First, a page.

I don’t why we subject ourselves to the pain of losing loved ones…furry four-legged loved ones. You know there is going to be a time when they are going to break your heart by dying. Bogart, Bubba, Brody, Jackson, Santana, Little Miss Minny Muffin, Nannie, Sha-na-na, NaeNae, Nugene, Nicholette, Neut, Claude, Claudette and Boomer. Dogs, cats, goats, even a one legged rooster. All found a way to worm their way into our hearts and steal more than just a little piece.

Eleven years ago our most loved Sassy Marie, a part Border Collie part…who knows, deserted us. She had turned up one day out of the clear blue and disappeared twelve or thirteen years later the same way. I have no idea how old she was but Sassy was smart, knew her time was near, and decided to leave us on her own terms. By doing so, Sassy allows us to pretend she is still out there somewhere, alive and well, chasing the rabbits she never chased during the thirteen years she had us.

I told Linda Gail we needed to get over Sassy Marie before we invested our hearts in another pet. Several days later she told me her very good friend Debbie had family with six-week old Blue Heeler puppies. “Linda it is too soon to get another puppy,” said I. “I just want to go look at them. There are fourteen can you believe it?” said Linda. The next day at school I told a friend we were going to look at puppies that afternoon. “You going to get another pet?” asked he. “The question is not if. It’s how many.” Said I. Linda does tell a little different story.

The Blue Heeler is an Australian Cattle Dog, not to be confused with the Australian Shepard which is, despite its name, not Australian. The Australian Cattle Dog, which comes in two forms regardless of being the same breed–the Blue and the Red Heeler. They are the product of breeding a historically long lost “upland” spaniel from England, a Dalmatian and the native Australian wild dog, the Dingo. From this union came a tough, muscular, medium size dog Australian cattlemen used to drive their cattle through the “Outback.” Pretty sure if I had known this we probably would not have owned one, much less two. Sometimes it’s good to go into something uninformed with your eyes shut. This is how Matilda Sue and Madeline Roo came to adopt us.

The owners of Mattie and Tilly raised Blue Heelers to sell but this was no puppy mill. Just one sire named Rebel and two dames named Mia and Gypsy. They were beautiful. Dark “blue merle” undercoat showed through their white topcoat. A bit of “Dingo red” on their forelegs and lower jaw. There was a mask across their eyes called a “Bentley Mark.” Compact muscles rippled under their coat. It was easy to fall in love…easier when we saw fourteen puppies clumped together in their little corral.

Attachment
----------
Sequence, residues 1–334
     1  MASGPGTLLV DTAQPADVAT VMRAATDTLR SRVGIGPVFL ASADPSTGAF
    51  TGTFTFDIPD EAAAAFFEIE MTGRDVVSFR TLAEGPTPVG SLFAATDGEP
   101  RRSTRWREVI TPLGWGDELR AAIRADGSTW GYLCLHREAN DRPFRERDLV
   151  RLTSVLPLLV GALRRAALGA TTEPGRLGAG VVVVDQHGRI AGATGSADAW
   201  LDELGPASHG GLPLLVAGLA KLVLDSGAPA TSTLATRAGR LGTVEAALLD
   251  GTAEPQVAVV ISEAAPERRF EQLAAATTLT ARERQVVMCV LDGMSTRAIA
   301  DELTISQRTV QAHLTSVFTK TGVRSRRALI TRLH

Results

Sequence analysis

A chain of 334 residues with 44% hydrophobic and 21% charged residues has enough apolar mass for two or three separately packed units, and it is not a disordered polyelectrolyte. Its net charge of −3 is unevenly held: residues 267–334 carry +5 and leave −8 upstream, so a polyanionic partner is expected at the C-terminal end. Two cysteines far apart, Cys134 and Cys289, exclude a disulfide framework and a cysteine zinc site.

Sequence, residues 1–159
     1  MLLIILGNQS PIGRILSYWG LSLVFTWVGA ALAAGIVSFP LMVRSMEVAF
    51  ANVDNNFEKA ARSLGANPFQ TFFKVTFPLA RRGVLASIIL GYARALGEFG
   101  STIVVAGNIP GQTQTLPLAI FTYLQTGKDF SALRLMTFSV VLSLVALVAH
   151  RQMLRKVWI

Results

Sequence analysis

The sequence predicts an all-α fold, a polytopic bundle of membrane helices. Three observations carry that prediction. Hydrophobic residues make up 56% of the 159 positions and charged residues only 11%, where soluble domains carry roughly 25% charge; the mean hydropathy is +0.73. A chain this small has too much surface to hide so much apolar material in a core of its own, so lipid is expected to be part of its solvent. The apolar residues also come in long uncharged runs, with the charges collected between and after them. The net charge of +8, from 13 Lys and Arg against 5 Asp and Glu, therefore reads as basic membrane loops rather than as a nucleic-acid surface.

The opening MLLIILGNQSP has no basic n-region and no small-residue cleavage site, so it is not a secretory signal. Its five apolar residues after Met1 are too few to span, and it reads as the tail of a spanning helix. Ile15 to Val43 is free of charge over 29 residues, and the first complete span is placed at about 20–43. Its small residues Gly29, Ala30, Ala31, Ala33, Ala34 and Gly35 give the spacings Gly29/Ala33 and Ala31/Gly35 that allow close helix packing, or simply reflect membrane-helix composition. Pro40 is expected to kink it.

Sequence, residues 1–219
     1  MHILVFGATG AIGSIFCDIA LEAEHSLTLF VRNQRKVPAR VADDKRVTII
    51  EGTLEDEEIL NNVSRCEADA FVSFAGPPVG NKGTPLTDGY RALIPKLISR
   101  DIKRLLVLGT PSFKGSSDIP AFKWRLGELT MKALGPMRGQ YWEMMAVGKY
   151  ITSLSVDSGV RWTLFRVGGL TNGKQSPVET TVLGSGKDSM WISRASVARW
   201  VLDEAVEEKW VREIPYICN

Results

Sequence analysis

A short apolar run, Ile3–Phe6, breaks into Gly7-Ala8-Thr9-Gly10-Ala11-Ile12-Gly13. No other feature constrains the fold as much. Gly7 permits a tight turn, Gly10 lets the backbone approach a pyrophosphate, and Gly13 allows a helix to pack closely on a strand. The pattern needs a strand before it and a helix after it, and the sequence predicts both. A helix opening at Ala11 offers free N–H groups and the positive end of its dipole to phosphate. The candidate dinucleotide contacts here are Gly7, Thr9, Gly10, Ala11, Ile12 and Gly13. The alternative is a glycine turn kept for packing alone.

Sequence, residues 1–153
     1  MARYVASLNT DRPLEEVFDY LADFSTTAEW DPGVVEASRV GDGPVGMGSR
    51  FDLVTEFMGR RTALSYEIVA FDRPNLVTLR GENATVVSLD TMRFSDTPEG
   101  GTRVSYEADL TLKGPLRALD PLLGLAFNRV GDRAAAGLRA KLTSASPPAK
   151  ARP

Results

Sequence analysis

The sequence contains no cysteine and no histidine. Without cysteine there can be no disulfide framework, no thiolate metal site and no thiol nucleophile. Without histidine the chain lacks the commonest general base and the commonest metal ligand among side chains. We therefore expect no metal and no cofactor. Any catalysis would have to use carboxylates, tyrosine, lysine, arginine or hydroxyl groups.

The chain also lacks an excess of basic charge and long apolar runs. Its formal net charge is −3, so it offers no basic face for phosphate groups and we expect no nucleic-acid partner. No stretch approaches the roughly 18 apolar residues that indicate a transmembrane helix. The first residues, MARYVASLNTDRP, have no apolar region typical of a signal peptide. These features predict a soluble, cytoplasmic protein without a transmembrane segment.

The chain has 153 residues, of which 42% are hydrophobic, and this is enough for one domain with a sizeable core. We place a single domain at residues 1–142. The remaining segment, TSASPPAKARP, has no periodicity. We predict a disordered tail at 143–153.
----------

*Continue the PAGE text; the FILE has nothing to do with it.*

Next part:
One of those puppies crawled out of the tangle of fur, legs and snouts and made her way over to Linda and in “Dog-ese” yapped a greeting which I am sure translated to “Hi, I’m your new puppy and don’t even try to ignore me.” For ten years we haven’t been able to. Another had a crooked tail, which we thought had been broken but was actually a genetic flaw, and a Bentley mark only over one eye. My heart melted. Two was the answer to the question “It’s how many?”

That was almost eleven years ago. They grew into powerful, beautiful companions…and infuriating. Mattie will not be ignored for any reason. Tilly became the ultimate hunter. I am looking at them now as they go through some type of puppy play only they understand, a “mock fight” they have acted out daily. Now they have settled down to sleep…with their ears still at the alert.
They are or were high energy herders and hunters. Even when very young they tried to herd birds, cats, squirrels and lizards. They herded so well I found them missing one evening from their fenced in workshop “puppy house.” I can remember my fear they would be lost forever…or my fear of what Linda was going to do. We found them. Less than three months old they had traversed a small mountain forest and ended up over a half mile away. This is also how they became house dogs.

As hunters, Maddie specializes in snakes and Tilly in possums. With a persimmon tree in our back yard there have been ample opportunities for Tilly and with the tangle of Linda’s “companion gardening” there have been many opportunities for Maddie. I cannot remember how many mornings I have let Maddie and Tilly out, taken my shower, and come back to find a possum “present” laying just inside the door. Luckily possums play possum and I am sure Tilly has brought the same one in dozens of times. Maddie does the same thing but thankfully snakes don’t play dead…although I am sure finding them has scared me out of several lifetimes.

I want to chuckle as I watch both of them sound asleep on their backs, their favorite form of activity. Everyone said, “They will be hand full if you don’t keep them active, they are too smart for their own good.” “You don’t want two from the same litter.” A few times that might have been true but the best thing we ever did was get two. They play, run, keep each other company and if we can’t seem to find Tilly just tell Maddie, “Go find Sissy” and off she goes.

I know they will leave us sooner than we would want but they have been wonderful companions and worth all of the pain we will feel when they do leave us. There is something about unrequited love and ours has been returned ten thousand times. A little food, a scratch behind the ears, a warm couch to curl up on and a lot of love. Isn’t that all we ever need?

My stories of home in PATHWAYS by Don Miller


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